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About 200 yards to the west of Dáithín's house there lived a farmer and his family. The farmer was one John Sullivan - and was generally known as "Jack Cooley". His wife's maiden name was Kitty Kelleher and the neighbours always called her by this name. She and Joan Dáithín were special friends and she too kept a special bed for the "Travelling people". One of those used visit the house annually, generally in the beginning of the harvest and remained for about a fortnight "helping in the busy times". As far as I can remember this "little man" was known as "Paddy from Galway".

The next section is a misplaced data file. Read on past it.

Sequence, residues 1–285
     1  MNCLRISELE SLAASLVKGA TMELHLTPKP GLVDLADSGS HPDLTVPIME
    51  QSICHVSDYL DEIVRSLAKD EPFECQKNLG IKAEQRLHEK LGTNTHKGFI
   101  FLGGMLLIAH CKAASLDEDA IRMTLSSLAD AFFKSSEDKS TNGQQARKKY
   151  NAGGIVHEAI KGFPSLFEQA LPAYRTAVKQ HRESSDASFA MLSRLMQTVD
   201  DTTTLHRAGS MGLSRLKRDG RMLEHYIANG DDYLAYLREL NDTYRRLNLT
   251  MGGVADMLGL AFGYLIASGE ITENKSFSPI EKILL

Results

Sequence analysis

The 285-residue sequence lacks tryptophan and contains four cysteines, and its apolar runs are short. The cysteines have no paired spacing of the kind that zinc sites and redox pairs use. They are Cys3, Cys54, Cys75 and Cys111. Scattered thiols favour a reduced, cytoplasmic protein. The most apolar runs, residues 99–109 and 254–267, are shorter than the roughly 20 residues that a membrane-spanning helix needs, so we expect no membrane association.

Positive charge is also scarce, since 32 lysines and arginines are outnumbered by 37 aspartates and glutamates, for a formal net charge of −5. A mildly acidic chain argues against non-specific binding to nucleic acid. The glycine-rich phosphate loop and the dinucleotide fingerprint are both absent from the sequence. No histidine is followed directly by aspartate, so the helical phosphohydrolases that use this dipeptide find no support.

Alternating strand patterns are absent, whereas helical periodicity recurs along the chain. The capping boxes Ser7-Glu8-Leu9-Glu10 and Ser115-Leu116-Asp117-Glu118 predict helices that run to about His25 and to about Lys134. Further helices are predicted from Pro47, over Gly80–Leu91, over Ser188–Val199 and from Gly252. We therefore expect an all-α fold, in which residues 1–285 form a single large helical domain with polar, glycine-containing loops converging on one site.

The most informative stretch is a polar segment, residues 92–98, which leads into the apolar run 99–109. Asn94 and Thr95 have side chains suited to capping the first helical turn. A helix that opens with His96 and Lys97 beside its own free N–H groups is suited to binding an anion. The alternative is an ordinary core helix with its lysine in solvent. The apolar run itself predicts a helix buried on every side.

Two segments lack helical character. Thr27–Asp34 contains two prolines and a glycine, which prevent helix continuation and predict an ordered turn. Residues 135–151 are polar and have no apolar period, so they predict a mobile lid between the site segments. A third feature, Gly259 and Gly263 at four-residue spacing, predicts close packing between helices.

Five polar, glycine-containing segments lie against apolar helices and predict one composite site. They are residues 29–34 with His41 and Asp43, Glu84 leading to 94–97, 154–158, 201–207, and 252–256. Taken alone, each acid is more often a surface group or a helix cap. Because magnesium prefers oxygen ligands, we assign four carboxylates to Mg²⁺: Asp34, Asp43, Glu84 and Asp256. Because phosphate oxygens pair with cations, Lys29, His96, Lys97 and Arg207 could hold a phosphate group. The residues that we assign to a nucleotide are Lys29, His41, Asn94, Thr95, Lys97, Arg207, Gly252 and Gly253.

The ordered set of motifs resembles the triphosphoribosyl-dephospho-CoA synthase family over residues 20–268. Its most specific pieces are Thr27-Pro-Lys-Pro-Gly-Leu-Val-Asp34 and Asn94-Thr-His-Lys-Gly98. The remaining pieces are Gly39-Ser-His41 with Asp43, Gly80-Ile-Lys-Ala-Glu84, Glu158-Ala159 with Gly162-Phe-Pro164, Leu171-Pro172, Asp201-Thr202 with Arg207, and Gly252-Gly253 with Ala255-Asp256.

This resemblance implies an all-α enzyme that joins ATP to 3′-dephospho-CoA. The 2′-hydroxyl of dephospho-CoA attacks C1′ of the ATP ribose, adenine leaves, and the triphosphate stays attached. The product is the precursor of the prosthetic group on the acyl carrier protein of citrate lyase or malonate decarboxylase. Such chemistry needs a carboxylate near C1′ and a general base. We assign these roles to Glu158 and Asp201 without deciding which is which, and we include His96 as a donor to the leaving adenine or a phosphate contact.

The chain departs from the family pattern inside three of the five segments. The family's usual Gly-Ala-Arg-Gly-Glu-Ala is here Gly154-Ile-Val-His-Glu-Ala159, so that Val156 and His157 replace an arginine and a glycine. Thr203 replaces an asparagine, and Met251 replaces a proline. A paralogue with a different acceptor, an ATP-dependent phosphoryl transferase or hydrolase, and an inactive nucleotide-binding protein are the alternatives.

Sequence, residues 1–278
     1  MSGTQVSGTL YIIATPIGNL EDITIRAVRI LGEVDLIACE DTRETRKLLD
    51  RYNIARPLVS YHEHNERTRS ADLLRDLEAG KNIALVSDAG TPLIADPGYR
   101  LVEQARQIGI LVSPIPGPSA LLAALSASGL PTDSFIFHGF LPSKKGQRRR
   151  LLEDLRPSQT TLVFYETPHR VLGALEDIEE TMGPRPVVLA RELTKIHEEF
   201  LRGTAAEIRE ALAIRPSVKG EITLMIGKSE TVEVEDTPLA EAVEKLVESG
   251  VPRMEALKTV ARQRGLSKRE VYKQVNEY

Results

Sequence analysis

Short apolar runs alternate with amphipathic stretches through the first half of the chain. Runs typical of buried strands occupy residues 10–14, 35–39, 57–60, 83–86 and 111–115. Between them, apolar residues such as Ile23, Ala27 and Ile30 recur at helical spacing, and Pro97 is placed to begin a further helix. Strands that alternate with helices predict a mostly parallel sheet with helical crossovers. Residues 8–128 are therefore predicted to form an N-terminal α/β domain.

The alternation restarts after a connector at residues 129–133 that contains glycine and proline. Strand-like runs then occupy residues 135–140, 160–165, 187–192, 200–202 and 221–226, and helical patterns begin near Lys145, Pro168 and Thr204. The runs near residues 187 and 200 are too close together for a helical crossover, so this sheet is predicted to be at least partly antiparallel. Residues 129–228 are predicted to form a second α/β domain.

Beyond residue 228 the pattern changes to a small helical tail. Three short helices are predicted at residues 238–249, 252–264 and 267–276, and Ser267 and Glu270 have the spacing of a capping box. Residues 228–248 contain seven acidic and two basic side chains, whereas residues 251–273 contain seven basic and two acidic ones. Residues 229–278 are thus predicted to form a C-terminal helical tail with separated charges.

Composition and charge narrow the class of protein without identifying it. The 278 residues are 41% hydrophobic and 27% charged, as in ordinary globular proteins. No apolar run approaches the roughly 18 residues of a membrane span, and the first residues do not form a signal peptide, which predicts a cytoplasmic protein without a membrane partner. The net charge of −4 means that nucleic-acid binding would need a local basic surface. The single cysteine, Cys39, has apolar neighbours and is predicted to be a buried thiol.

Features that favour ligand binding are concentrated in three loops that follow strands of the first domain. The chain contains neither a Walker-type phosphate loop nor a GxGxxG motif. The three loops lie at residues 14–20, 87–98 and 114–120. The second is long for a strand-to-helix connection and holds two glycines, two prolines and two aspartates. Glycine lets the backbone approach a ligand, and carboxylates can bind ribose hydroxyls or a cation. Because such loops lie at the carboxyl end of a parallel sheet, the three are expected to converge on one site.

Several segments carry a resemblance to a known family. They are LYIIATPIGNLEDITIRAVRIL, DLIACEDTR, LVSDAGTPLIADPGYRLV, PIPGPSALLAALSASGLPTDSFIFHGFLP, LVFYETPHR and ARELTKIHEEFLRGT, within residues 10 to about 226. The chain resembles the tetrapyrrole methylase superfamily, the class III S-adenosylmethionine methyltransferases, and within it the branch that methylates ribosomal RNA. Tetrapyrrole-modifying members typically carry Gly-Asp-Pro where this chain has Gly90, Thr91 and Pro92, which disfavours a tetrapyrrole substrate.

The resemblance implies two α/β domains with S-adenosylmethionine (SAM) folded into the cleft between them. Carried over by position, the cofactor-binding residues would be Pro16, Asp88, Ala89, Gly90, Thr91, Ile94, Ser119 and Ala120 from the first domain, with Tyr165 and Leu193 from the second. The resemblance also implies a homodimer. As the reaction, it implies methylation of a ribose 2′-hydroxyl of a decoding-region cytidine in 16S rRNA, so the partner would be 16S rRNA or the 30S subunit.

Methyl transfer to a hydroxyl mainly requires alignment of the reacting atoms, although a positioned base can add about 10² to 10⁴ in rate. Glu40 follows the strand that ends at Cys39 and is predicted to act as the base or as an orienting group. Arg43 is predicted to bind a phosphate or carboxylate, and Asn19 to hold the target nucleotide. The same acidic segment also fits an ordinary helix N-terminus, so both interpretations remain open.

One of Jack Cooley's sons was called Jamsey and in the summer evenings, after the day's work, he with the neighbouring boys used spend their time in playing "goal" (hurling) in the field next to Dáithín's fort.
"Jamsey" was his mother's favourite son but, after the harvest work he contracted a bad cold which developed into consumption. He began pining away and when his mother observed that his case was hopeless she became distracted and nursed him day and night. A few weeks before he died his mother in the course of a conversation with him said "Jamsey when you die will you come back to see me if you can". He promised her that he would if possible and that he would not be long dead when he would re-visit her. He died a(continues on next page)Transcribed by a member of our volunteer transcription project.